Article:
From the Rector: Pope Francis: The Theology of Poverty

Pope Francis: The Theology of Poverty

The Holy Father reflected on the place of poverty in the Gospel, saying that the Gospel becomes incomprehensible if poverty is removed from it.

Let the poverty of Christ enrich us
Continuing his paraphrase of St. Paul, Pope Francis went on to call on all of us to follow the example of the Church of Corinth: the Church, whose members had a great deal of material wealth and so many things, who were poor without the proclamation of the Gospel, but who enriched the Church of Jerusalem, helping to build up the People of God. Here is the foundation of the “theology of poverty”: Jesus Christ, who was rich – with the very richness of God – made Himself poor, He lowered Himself for us. This then, is the meaning of the first Beatitude: ‘Blessed are the poor in spirit,’ i.e. “to be poor is to let oneself be enriched by the poverty of Christ, to desire not to be rich with other riches than those of Christ”:

“When we give help to the poor, we are not doing the work of aid agencies ‘in a Christian way’. Those are good, it is a decent thing to do – aid work is good and quite human – but it is not Christian poverty, which St. Paul desires of us and preaches to us. Christian poverty is that I give of my own, and not of that which is left over – I give even that, which I need for myself, to the poor person, because I know that he enriches me. Why does the poor person enrich me? Because Jesus Himself told us that He is in the poor person.”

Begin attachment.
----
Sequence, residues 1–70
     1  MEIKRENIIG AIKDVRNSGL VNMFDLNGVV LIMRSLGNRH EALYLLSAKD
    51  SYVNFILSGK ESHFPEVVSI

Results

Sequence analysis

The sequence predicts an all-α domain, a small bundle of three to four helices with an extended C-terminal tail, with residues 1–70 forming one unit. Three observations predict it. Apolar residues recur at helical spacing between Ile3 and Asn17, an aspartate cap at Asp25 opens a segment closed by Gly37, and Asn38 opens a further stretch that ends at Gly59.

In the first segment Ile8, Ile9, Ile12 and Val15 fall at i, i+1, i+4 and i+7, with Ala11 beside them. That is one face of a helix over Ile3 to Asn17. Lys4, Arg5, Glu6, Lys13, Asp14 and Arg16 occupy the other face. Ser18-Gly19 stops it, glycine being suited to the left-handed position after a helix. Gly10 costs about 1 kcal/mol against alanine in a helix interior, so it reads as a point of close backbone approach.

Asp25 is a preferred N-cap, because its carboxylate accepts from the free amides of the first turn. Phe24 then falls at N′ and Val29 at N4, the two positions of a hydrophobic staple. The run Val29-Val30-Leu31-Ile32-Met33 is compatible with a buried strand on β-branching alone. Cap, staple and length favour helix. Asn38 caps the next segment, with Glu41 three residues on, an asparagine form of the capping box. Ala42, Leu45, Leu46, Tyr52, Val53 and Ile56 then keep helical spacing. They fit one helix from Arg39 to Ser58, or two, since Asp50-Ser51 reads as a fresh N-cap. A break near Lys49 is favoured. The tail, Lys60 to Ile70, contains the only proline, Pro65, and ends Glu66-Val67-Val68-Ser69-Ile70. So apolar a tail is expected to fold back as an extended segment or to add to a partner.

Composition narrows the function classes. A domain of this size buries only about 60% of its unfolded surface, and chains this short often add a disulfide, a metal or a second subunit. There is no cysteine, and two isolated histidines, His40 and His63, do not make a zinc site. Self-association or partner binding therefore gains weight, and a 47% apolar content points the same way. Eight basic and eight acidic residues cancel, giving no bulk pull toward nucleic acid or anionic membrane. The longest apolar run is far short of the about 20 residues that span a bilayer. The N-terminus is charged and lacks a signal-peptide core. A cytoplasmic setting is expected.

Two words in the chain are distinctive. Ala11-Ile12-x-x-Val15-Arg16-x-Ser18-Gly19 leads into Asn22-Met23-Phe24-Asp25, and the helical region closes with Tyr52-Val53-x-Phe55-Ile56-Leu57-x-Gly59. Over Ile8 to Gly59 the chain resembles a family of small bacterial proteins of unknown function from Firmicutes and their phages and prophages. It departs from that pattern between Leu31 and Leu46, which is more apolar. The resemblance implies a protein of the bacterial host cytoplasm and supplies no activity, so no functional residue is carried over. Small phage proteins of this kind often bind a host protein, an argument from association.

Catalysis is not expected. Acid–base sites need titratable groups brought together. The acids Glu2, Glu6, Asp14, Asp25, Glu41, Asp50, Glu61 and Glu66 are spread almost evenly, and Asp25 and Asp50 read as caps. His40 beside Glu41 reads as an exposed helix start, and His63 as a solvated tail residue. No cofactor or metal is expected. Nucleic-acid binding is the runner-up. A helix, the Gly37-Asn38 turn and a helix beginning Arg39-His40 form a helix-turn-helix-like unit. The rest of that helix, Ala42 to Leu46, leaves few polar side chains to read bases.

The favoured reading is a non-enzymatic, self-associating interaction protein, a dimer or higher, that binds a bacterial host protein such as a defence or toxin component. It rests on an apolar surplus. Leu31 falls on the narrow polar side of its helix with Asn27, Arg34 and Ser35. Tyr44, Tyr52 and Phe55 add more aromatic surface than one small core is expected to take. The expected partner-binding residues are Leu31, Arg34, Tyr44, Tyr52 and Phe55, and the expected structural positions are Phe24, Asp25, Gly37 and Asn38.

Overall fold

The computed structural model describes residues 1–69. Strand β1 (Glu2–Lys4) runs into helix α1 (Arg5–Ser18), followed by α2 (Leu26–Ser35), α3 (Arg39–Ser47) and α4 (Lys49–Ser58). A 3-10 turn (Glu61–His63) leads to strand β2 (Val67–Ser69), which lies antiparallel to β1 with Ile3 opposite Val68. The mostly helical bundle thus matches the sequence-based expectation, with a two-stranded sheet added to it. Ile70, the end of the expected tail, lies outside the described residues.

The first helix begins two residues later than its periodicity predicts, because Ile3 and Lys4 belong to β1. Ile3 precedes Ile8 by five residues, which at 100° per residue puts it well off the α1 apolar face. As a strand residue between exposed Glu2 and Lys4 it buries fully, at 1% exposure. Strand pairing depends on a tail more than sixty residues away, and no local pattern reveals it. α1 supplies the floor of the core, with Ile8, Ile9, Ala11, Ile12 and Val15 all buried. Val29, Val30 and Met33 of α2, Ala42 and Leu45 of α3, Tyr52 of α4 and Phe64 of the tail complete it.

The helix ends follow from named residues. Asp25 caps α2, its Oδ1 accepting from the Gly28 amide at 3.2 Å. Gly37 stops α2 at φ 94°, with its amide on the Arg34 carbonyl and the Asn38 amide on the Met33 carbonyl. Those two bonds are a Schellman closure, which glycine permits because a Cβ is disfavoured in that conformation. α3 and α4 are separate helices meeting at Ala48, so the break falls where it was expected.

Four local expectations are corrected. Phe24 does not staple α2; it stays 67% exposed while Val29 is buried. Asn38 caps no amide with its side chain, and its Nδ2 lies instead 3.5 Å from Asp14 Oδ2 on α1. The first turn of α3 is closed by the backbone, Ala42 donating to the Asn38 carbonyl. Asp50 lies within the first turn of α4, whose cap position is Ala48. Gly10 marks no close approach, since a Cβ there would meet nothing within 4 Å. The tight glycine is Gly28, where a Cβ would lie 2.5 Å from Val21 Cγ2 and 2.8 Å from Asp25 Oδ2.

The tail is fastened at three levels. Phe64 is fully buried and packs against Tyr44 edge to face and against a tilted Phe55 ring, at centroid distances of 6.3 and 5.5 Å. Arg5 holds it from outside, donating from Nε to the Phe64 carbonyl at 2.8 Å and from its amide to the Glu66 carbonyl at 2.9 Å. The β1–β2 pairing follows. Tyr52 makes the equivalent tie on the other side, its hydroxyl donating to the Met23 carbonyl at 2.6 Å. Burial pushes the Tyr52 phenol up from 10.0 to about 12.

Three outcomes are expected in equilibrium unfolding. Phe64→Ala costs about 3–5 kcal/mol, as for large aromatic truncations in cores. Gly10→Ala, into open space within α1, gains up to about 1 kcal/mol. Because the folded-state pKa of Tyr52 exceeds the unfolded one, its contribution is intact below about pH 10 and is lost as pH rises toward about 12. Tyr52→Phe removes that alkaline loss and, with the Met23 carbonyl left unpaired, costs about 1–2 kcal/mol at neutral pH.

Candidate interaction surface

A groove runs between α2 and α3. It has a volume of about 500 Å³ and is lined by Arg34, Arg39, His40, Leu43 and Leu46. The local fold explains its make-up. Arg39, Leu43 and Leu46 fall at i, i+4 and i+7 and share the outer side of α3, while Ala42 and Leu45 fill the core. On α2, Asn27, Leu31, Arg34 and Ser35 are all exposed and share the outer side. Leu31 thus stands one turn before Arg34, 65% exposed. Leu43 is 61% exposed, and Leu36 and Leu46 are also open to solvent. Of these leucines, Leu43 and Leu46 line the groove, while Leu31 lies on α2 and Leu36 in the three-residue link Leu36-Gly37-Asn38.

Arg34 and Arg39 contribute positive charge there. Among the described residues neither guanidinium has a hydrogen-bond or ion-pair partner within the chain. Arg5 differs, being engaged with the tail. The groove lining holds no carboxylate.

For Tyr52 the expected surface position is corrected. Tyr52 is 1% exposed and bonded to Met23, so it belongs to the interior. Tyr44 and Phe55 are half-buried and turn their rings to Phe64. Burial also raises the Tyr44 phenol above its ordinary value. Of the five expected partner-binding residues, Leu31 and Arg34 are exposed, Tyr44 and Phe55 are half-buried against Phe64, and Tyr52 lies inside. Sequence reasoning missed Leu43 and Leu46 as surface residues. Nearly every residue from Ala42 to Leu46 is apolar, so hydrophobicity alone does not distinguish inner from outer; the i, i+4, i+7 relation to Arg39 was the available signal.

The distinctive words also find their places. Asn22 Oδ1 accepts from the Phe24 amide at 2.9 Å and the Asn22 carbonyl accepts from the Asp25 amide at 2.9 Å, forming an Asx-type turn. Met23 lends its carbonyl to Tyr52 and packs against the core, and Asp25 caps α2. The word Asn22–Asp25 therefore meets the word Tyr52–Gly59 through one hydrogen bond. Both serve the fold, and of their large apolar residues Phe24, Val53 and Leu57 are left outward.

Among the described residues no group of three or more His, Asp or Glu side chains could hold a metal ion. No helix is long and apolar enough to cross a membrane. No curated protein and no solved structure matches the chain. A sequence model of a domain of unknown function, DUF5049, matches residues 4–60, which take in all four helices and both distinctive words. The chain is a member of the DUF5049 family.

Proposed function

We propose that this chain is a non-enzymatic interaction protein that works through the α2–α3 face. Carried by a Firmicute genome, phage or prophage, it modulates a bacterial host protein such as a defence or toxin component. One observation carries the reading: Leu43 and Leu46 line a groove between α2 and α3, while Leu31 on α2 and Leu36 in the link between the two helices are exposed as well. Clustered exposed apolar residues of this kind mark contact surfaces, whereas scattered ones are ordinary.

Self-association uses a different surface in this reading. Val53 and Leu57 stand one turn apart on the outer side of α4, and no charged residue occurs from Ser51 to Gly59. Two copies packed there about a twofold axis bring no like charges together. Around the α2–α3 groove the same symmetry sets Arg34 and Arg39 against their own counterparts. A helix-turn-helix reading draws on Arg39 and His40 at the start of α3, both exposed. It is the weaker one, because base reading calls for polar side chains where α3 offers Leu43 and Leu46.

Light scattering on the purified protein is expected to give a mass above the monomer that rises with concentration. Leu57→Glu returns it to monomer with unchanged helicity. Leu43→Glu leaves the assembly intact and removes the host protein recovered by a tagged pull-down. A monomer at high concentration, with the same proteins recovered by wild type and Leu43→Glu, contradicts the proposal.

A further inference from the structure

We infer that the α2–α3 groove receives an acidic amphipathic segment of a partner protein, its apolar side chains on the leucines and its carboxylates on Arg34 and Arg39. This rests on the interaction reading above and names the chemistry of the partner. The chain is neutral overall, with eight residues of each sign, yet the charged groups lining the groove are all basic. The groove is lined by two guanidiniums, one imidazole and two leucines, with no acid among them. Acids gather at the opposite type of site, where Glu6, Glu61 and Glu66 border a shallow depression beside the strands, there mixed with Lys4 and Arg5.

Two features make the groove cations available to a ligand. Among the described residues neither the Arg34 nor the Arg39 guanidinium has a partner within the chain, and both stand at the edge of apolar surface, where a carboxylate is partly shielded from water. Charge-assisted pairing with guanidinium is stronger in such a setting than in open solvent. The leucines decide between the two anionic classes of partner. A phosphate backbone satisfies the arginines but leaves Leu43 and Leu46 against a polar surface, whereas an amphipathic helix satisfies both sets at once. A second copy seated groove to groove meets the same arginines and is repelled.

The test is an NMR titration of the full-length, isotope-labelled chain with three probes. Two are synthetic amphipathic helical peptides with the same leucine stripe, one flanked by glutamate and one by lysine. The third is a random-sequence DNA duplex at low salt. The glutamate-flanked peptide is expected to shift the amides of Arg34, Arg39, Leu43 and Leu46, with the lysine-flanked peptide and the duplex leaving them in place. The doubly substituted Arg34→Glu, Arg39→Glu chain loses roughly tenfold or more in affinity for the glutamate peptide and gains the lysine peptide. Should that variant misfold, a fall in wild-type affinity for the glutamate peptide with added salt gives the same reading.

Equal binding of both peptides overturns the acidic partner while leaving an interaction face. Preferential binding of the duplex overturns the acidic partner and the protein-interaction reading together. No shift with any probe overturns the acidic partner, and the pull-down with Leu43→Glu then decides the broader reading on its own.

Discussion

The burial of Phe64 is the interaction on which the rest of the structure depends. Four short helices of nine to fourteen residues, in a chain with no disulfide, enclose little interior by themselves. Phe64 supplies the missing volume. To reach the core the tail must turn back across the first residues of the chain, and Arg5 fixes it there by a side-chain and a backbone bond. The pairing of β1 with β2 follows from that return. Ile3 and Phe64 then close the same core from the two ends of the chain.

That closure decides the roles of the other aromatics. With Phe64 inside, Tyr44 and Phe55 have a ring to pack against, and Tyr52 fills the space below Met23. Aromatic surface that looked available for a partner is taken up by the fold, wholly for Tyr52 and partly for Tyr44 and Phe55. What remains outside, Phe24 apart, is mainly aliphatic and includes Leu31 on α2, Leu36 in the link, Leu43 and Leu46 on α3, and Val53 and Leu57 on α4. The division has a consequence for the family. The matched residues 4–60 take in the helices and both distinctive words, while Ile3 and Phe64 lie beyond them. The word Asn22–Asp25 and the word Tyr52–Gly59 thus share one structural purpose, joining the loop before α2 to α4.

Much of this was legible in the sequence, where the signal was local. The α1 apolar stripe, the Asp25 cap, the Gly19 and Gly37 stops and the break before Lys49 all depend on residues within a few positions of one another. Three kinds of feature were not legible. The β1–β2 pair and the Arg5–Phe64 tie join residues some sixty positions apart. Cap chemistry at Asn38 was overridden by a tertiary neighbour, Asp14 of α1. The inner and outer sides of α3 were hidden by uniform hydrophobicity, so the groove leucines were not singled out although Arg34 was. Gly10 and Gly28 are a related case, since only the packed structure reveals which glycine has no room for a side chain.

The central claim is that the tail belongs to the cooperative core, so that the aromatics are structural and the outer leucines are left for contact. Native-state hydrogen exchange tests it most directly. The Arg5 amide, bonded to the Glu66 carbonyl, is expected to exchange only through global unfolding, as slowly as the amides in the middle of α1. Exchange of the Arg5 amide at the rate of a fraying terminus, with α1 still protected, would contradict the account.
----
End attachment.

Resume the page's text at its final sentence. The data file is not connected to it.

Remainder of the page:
Christian poverty is not an ideology
When one divests oneself of something, not only from our abundance, to give to a poor person, to a poor community, one is thereby enriched. Jesus acts in one who does this, when he does it, and Jesus acts in the poor person, who enriches one who gives to him of his substance:

“This is the theology of poverty: This is because poverty is at the heart of the Gospel; it is not an ideology. It is precisely this mystery, the mystery of Christ who humbled Himself, who let Himself be impoverished in order to enrich us. So it is understandable why the first of the Beatitudes is ‘Blessed are the poor in spirit.’ Being poor in spirit means going on this path of the Lord: the poverty of the Lord, who lowers Himself even so far as to become bread for us, in this sacrifice [of the Mass]. He continues to lower Himself into the history of the Church, into the memorial of His passion, and by the memorial of His humiliation, the memorial of His poverty, by this bread He enriches us.”

Homily of June 16, 2015 in the Chapel Casa Santa Maria (http://en.radiovaticana.va/news/2015/06/16/pope_francis_the_theology_of_poverty/1151901)

 

 

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